TOKYO -- Japan's foreign minister said Tuesday that the country should openly debate whether to develop its own nuclear deterrent following North Korea's atomic test, while stressing that the government doesn't support such a move.
Foreign Minister Taro Aso told a parliamentary committee that the Japanese government would stick to its three non-nuclear principles of not possessing, developing or allowing nuclear bombs on Japanese soil.
"As the government, there is no change to those principles," he said, stressing his adherence to the policy a week after stirring controversy by saying Japan should consider the nuclear option to counter the threat posed by Pyongyang's October 9 atomic test.
But he said the regional security environment has changed since the policy were introduced in the 1960s.
"It's only natural to discuss how we should cope with the changing environment around us," Aso said. "I'm not in favor of suppressing a debate over whether we should or should not possess nuclear (bombs) or stick to the three non-nuclear principles."
Possession of nuclear weapons is a sensitive political issue in Japan, which suffered a nuclear attack when US atomic bombs were dropped on the cities of Hiroshima and Nagasaki in 1945.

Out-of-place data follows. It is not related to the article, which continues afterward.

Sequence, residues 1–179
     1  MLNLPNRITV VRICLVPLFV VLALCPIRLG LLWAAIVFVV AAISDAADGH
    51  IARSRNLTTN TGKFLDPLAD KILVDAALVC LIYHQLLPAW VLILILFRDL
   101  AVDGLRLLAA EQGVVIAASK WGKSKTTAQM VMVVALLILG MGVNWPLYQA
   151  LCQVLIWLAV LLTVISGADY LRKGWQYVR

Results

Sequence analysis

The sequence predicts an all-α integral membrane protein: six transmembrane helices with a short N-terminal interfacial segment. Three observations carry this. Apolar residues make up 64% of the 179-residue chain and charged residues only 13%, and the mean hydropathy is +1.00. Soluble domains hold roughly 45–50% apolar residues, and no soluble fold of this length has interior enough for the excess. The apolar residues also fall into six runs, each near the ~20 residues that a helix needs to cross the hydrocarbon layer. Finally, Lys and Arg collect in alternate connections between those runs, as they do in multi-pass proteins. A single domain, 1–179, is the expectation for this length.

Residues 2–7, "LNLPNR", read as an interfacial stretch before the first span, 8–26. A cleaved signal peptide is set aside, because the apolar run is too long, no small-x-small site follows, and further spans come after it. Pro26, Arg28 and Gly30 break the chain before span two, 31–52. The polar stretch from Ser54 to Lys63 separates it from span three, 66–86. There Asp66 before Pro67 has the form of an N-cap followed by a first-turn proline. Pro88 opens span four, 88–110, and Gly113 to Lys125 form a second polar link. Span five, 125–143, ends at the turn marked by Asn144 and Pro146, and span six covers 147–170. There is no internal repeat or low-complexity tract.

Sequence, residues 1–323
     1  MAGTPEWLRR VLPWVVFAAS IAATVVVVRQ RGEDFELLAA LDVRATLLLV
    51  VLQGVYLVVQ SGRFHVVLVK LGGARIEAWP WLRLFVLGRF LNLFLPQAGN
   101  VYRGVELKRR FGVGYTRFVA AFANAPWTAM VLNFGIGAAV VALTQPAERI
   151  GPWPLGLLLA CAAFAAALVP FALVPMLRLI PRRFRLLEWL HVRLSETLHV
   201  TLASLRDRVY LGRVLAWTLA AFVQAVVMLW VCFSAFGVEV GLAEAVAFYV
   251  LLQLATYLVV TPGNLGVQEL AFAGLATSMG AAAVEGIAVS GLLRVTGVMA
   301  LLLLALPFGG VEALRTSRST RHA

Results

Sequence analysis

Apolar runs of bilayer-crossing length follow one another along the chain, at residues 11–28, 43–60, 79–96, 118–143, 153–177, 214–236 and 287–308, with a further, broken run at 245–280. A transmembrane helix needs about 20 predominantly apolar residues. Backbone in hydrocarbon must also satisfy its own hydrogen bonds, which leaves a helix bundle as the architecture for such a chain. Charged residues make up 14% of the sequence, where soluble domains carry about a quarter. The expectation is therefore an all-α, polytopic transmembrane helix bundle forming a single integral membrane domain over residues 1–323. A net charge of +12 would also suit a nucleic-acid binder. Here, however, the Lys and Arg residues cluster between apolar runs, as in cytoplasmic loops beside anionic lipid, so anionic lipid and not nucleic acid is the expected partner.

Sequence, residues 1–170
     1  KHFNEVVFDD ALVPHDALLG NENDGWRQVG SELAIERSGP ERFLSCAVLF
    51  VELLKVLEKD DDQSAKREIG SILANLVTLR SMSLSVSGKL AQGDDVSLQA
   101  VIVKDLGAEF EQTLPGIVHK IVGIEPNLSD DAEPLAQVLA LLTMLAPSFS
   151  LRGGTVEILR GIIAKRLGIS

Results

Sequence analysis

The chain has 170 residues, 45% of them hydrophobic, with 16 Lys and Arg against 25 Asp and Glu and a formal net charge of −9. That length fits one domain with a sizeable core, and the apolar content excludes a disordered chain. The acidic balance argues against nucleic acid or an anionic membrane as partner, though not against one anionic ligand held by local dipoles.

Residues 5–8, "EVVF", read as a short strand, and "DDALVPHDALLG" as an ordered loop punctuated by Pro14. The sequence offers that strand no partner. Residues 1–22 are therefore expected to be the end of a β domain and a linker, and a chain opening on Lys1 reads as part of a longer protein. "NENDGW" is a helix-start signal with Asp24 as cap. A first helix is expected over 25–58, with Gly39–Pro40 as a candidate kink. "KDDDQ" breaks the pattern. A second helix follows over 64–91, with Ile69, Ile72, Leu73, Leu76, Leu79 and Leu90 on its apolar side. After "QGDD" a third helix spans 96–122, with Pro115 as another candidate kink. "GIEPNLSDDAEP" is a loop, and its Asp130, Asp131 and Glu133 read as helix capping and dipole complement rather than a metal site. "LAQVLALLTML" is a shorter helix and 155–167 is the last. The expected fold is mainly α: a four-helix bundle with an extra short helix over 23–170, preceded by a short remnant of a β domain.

Other Cabinet ministers, including Prime Minister Shinzo Abe and Defense Agency chief Fumio Kyuma, were more cautious.
Kyuma, attending the parliamentary committee with Aso, said the timing is not right for a debate.
"A debate when the issue is boiling could cause misunderstanding. It should be discussed calmly," he said.
Abe last Wednesday said Tokyo had no plans to stray from its postwar non-nuclear policy, trying to stem the debate hours after Aso said lack of nuclear policy debate is odd, though Tokyo should observe its non-nuclear principles.
Aso's comment is only the latest among Japanese leaders calling for debate of the nuclear option. A ruling party leader Shoichi Nakagawa caused a stir earlier this month for making similar remarks. Former Prime Minister Yasuhiro Nakasone has also proposed Japan consider acquiring nuclear weapons.
Analysts say Japan has the knowledge and stockpile from its nuclear power program to easily build weapons if it decides to.
Such a move would be opposed by Japan's neighbors, including China.